After spending the night on the summit of the Sangre de Christo range, we descended the eastern flanks and rolled into Raton, NM. One of our unimog buddies, Randy Lester, has a son who is attending fire fighter classes as part of the Raton Fire Department, so we decided to stop in and see him for the evening. We camped next to his rig at the local KOA and then went to dinner. The photos below are what we saw.
I spotted this horny toad in the parking lot next to our mog. So, I snatched him up and gave him to Kathleen. He was remarkably calm and let her hold him for almost 20 minutes before getting antsy. I got this shot just after he got seated in her hand. These reptiles eat ants in large quantities, so they are your friends.
We had dinner with Brian Lester at a local restaurant and the food was good. Next morning, we headed to La Junta, CO to see fellow moggers Rob and Erin Pickering. Rob offered his help in addressing my recurring brake issues. On the entrance to La Junta, we spotted this old ATSF steam engine.
We met Rob and Erin at their shop and we immediately dug into the brake system. Kai's conjecture was that there was "contamination" in the air system and that the contamination was interfering with the release of the brakes. The partial release was causing the pads to drag thus causing the brake fluid to boil out. Above is a shot of the air tanks before we tore it apart.
Oh, yeah. This is one of the banjo connections from the top tank. Note the goop inside the bolt.
Rob extracted the tank and put it on the floor. Note the band of rust on the right side. I have had my truck for almost 15 years and to the best of my knowledge, the air system has not been extracted for service. He did not believe that the pressure capacity of the tank was compromised by the rust, so we were going to clean it and re-install it "as-is".
Rob pulled the vent plug and stuck his finger in to sample the inside of the tank. Yuck! Kai was right. More right than I would have liked. The goop coated the entire inside of both tanks.
The inside of the vent plug was totally contaminated.
Rob decided to bring out the steam cleaner to wash the inside of the tanks. Each wash cycle dislodged more gunk.
Look at the crap that was washed out of the tank! This was perhaps 10% of the total garbage that we flushed out. Note that the chunks are quite big; more than big enough to cause the symptoms that we have been seeing with the brakes.
After we did a steam pressure wash for at least 2 cycles, we were still getting big chunks out. When we swabbed the inside of the tank with our fingers, there were gobs of stuff still remaining. Rob had some aggressive solvent that we put into the tanks and then sloshed around, rinsed and repeated.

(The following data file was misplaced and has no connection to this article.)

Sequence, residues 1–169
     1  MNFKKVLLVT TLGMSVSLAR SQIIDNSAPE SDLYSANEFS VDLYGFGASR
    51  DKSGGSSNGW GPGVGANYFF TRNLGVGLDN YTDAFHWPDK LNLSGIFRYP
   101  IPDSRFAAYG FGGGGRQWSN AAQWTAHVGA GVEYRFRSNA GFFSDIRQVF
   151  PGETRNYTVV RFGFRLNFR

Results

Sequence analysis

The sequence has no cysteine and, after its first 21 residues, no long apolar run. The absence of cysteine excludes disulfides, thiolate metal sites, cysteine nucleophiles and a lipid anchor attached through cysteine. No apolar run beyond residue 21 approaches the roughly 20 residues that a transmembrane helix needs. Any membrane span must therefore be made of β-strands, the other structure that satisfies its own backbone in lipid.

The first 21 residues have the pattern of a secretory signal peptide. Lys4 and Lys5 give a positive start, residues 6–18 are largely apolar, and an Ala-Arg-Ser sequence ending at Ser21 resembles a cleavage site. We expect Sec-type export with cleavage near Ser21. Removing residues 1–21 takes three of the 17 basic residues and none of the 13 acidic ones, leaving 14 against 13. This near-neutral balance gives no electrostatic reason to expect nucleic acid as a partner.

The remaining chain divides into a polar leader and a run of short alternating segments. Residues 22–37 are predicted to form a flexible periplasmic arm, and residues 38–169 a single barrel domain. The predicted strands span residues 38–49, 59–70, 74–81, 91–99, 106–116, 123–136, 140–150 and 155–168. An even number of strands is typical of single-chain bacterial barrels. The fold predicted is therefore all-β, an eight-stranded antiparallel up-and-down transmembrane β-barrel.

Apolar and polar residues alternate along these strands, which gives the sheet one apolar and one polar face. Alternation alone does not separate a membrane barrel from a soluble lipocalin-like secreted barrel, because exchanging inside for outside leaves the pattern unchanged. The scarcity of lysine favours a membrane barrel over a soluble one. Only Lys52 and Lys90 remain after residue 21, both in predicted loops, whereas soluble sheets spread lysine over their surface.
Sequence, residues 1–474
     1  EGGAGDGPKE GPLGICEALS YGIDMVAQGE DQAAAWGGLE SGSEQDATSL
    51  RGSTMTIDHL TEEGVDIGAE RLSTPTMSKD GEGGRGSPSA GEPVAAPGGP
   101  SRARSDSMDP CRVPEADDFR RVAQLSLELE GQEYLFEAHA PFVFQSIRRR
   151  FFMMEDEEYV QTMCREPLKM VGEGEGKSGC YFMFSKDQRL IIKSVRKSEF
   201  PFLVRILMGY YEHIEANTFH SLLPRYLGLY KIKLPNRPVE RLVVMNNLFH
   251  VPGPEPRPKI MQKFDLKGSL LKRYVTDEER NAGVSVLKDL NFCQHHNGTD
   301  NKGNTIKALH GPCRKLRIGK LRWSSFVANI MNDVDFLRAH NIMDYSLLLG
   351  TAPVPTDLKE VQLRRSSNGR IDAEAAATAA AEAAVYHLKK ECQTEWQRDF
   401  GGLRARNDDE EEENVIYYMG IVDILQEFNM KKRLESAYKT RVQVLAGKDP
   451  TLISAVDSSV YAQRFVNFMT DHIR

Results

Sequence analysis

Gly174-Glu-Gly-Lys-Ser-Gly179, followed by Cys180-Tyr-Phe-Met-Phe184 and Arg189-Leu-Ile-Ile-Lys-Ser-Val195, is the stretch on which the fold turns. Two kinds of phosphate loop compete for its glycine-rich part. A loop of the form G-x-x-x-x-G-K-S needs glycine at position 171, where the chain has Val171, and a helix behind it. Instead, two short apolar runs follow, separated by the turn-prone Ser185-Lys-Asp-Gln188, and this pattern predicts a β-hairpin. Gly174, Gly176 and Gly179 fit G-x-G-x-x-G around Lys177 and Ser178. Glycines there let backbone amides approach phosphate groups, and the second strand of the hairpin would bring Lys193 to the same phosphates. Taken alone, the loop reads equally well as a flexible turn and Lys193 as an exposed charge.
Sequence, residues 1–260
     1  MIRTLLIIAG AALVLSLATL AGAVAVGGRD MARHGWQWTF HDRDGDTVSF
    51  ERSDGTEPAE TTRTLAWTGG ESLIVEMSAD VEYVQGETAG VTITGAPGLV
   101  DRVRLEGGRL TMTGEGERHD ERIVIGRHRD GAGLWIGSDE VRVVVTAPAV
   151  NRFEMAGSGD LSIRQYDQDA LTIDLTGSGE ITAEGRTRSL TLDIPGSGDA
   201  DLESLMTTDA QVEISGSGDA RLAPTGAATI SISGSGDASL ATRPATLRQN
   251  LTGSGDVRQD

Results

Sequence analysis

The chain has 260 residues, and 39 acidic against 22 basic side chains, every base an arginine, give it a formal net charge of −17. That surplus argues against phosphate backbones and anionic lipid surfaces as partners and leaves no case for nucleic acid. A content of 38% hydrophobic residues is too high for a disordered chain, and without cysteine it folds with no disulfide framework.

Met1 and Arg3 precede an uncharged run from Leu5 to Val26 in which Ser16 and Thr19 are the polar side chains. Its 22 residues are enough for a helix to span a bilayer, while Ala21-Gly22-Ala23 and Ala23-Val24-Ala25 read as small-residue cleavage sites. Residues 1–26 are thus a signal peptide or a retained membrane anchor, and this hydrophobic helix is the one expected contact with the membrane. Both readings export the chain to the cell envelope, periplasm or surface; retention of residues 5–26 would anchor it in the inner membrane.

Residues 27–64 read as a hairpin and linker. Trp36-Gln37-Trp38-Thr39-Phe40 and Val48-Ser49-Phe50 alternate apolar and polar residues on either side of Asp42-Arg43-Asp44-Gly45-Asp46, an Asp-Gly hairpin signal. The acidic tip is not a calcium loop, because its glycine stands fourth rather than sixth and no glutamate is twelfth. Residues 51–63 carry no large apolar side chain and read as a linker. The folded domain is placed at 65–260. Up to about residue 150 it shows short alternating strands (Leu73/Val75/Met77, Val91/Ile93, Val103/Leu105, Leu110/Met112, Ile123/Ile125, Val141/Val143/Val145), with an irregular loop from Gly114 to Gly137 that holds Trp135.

After soaking, rinsing, soaking and then switching to a petrochemical solvent (AKA lacquer thinner), most of the darkness was gone. We turned our attention to the brake controller and took it apart to see what was up. As Kai predicted, there was contamination in the main cylinder. The dark spot at 5 o'clock is the vent port that was likely being plugged.
Those black chunks are more than big enough to cause the symptoms that we were experiencing.
After putting the air system back together and testing it, Rob changed the brake fluid with his pressure bleeder. We made a bit of a mess, but it worked great.
Mogs, mogs and more mogs. Rob repairs, refurbishes, sells and works unimogs as part of his business. Above is a diesel conversion 404 that belongs to one of his customers.
More of Rob's fleet.
Rob is selling his 1300 DOKA, and this one will be the next family truck.
Another member of the fleet.
One of Rob's customers rolled his new U500 with camper box. The damage to the cab was extensive requiring replacement of the cab. The rollover caused injuries, with the conclusion being that any accident is a bad accident.
Rob also had a number of older rigs, including several 411s.
The yellow U500 is one of the newer rigs in his fleet.
This 1200 is in great shape.
One of the vehicles at Rob's shop was this old 8x8 rig that was a Pershing missile launch control center in its previous life. The sides of the bed extend about 5 feet on either side to make a huge cabin. Rob has been using the vehicle as an elk hunting base camp that sleeps many folks comfortably.
Rob's Altar-proven 1300 DOKA is being repainted for sale to a customer.
Rob and Erin were kind enough to host us at their beautiful new home.
Rob and Erin are in the middle of a big landscaping effort involving sod, block and concrete. Above, the concrete contractor sprays sealer on the new stamped concrete slab.
We had a great time.
Photos and Text Copyright Bill Caid 2008, all rights reserved.
For your enjoyment only, not for commercial use.